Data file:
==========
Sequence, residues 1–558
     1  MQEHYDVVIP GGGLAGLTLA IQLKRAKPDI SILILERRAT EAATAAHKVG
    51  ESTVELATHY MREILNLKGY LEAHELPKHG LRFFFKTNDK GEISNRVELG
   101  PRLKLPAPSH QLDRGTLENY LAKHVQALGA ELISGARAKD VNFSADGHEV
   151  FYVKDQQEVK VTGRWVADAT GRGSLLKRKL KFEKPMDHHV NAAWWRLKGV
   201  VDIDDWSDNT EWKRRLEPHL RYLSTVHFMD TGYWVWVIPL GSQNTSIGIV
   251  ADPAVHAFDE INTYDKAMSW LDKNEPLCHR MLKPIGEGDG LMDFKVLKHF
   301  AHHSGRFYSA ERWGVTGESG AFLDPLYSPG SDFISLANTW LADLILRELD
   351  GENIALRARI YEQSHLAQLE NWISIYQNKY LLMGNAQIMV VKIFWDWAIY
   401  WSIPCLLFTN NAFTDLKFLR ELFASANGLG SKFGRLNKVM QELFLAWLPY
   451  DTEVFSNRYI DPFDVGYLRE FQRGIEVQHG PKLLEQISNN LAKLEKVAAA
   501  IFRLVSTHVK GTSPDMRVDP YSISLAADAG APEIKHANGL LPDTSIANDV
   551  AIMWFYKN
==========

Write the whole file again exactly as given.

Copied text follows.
Sequence, residues 1–558
     1  MQEHYDVVIP GGGLAGLTLA IQLKRAKPDI SILILERRAT EAATAAHKVG
    51  ESTVELATHY MREILNLKGY LEAHELPKHG LRFFFKTNDK GEISNRVELG
   101  PRLKLPAPSH QLDRGTLENY LAKHVQALGA ELISGARAKD VNFSADGHEV
   151  FYVKDQQEVK VTGRWVADAT GRGSLLKRKL KFEKPMDHHV NAAWWRLKGV
   201  VDIDDWSDNT EWKRRLEPHL RYLSTVHFMD TGYWVWVIPL GSQNTSIGIV
   251  ADPAVHAFDE INTYDKAMSW LDKNEPLCHR MLKPIGEGDG LMDFKVLKHF
   301  AHHSGRFYSA ERWGVTGESG AFLDPLYSPG SDFISLANTW LADLILRELD
   351  GENIALRARI YEQSHLAQLE NWISIYQNKY LLMGNAQIMV VKIFWDWAIY
   401  WSIPCLLFTN NAFTDLKFLR ELFASANGLG SKFGRLNKVM QELFLAWLPY
   451  DTEVFSNRYI DPFDVGYLRE FQRGIEVQHG PKLLEQISNN LAKLEKVAAA
   501  IFRLVSTHVK GTSPDMRVDP YSISLAADAG APEIKHANGL LPDTSIANDV
   551  AIMWFYKN